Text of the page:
Foreclosure starts increased 21% in March compared with February but decreased 11% compared with March 2015, according to estimates recently released by RealtyTrac.
Foreclosure starts increased in 20 states, year over year, including Connecticut (up 169%), Arizona (up 125%), Delaware (up 78%), Iowa (up 64%) and Massachusetts (up 51%), according to the firm’s monthly U.S. Foreclosure Market Report.
Scheduled foreclosure auctions – which are an indication of completed foreclosures – also increased in March. They were up 25% compared with February but down 15% compared with March 2015.
In the non-judicial states, scheduled foreclosure auctions increased 18% compared with February, while in the judicial states, they increased 17%.
Year over year, scheduled foreclosure auctions increased in 23 states, including Massachusetts (up 211%), New York (up 92%), Pennsylvania (up 49%), Maryland (up 43%) and South Carolina (up 37%).
RealtyTrac’s report also looks at total foreclosure activity – including default notices, scheduled auctions and bank repossessions – for March and for the first quarter.
Nationwide, foreclosure filings were reported on 289,116 U.S. properties in the first quarter – a decrease of 4% compared with the fourth quarter of 2015 and a decrease of 8% compared with the first quarter of 2015.
It was the lowest quarterly total since the fourth quarter of 2006 – a more than nine-year low, RealtyTrac says.
What’s more, foreclosure activity was below pre-recession levels in 78 out of 216 metropolitan statistical areas – or 36% of all U.S. housing markets.
“Despite a seasonal bump higher in March, foreclosure activity in most markets continues to trend lower and back toward more healthy, stable levels,” says Daren Blomquist, senior vice president of RealtyTrac, in a statement. “More than one-third of the 216 local markets we analyzed were below their pre-recession foreclosure activity averages in the first quarter, and we would expect a growing number of markets to move below that milestone the rest of this year – while the number of markets with a lingering low-grade fever of foreclosure activity continues to shrink.”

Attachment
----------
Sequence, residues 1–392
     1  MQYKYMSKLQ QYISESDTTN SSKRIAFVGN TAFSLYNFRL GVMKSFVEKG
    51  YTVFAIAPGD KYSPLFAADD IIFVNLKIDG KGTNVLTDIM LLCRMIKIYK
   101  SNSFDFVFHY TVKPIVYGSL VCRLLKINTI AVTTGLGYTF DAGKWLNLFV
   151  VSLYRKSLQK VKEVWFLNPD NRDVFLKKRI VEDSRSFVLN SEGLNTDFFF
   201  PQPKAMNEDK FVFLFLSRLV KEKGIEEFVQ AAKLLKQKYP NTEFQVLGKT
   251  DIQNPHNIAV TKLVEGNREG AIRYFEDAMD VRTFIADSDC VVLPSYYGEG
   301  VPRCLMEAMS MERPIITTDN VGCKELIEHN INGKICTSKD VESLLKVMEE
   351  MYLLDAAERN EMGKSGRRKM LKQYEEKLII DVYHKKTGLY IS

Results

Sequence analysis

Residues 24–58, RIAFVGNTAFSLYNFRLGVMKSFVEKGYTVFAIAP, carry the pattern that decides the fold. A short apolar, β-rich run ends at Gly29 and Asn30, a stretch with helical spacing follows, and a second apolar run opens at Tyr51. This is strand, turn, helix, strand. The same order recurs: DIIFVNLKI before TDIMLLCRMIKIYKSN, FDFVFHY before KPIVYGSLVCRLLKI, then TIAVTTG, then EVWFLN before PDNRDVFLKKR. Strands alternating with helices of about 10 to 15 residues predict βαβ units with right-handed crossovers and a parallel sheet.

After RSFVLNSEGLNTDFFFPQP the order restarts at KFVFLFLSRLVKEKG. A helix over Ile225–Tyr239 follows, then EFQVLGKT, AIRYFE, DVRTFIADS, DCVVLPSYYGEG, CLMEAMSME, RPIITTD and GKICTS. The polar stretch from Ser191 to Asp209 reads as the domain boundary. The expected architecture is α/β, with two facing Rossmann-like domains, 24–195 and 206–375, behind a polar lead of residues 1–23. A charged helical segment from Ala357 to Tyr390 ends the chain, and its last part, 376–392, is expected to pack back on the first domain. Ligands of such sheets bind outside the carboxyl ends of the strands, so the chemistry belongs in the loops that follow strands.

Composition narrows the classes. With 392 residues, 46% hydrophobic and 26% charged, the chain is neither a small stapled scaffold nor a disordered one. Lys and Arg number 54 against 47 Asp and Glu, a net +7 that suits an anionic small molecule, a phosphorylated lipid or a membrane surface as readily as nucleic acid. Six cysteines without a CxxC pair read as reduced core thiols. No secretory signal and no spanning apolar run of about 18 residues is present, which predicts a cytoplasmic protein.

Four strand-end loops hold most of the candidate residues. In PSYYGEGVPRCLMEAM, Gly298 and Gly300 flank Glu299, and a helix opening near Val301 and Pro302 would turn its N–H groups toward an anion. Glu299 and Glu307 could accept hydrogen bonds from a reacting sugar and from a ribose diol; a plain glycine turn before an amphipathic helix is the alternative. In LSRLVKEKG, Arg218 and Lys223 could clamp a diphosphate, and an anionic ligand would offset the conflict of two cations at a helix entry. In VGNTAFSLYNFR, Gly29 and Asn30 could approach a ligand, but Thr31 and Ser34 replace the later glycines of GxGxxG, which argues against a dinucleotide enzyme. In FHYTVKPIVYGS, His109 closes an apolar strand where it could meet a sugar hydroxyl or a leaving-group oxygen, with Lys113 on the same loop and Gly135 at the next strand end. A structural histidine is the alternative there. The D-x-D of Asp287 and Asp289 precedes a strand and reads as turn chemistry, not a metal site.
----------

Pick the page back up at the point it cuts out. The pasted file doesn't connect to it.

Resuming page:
Blomquist characterizes the seasonal bump as “typical.”
“February is, of course, a shorter month, and banks often ramp up foreclosure filings in March to take advantage of the spring selling season – which should prove particularly favorable to banks this year, given low inventory levels of homes for sale and continued strong demand from buyers regaining confidence in the housing market,” he explains.
Still, the number of properties with foreclosure filings in the first quarter was 4% higher than the pre-recession quarterly average.
As foreclosure volume recedes to pre-crisis levels, state foreclosure pipelines are clearing out more rapidly – and the average time to foreclose is decreasing. According to RealtyTrac’s data, properties foreclosed on during the first quarter of 2016 were in the foreclosure process an average of 625 days, down 1% from 629 days in the previous quarter but still up 1% from 620 days in the first quarter of 2015.
The 1% quarter-over-quarter decrease was the second consecutive quarterly decrease nationwide.
There were six states with an average time to foreclose of more than 1,000 days in the first quarter, including New Jersey (1,234 days); Hawaii (1,110 days); New York (1,061 days); Utah (1,059 days); Florida (1,018 days); and Connecticut (1,007 days).
States with the shortest average time to foreclose in the first quarter were Virginia (195 days), Mississippi (261 days), Wyoming (268 days), Tennessee (269 days) and Texas (272 days).
For more, including a breakdown of foreclosure activity by state and metropolitan area, click here.